Into the Wilderness?: The Growing Importance of Nonoperating Room Anesthesia Care in the United States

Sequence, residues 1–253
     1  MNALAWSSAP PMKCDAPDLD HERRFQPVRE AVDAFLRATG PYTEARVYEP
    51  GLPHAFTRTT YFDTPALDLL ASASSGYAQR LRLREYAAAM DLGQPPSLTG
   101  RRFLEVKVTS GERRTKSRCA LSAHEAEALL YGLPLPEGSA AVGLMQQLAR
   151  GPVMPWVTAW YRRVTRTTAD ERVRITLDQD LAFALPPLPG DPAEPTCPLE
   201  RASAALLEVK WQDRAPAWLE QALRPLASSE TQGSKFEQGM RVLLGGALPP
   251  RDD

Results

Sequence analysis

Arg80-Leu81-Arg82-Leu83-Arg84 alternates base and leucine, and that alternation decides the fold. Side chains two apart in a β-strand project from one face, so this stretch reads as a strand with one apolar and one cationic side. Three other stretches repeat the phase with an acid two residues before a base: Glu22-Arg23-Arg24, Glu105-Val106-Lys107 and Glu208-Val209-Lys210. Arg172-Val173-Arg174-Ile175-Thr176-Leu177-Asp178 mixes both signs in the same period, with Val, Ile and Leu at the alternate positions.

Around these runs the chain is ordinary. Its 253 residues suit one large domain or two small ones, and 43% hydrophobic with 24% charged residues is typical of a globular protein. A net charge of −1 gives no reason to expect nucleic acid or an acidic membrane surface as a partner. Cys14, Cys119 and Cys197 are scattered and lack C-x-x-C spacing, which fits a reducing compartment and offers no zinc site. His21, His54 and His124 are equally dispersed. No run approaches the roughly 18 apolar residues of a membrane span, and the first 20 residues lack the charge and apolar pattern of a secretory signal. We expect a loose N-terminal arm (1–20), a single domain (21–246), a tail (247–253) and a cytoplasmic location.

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As the health care environment is becoming more competitive for cost reductions and achieving value-based targets through benchmarking, physician anesthesiologists are increasingly being asked to demonstrate their importance in this equation to hospitals and larger health care systems. For instance, comparisons are sometimes made with other nonphysician anesthesia providers (eg, nurse anesthetists) or nonanesthesiologists. In a recent article, Nagrebetsky et al1 highlight a growing area for physician anesthesiologists to demonstrate their value: the provision of anesthesia care outside the operating room (OR). Although anesthesia care is typically provided in an OR setting, anesthesiologists are often asked to provide anesthesia outside the OR, such as in the magnetic resonance imaging (MRI) suite, catheterization laboratory, or in endoscopy suites. Using data from the National Anesthesia Clinical Outcomes Registry (NACOR), a large database of anesthesia cases, Nagrebetsky et al1 found that non–OR anesthesia care (NORA) increased from 28.3% to 35.9% of all anesthetics between 2010 and 2014, in both hospital-based and nonhospital-based settings. The authors also found that patients presenting for NORA were older and had a higher American Society of Anesthesiologists physical status score compared with patients receiving care in the OR.
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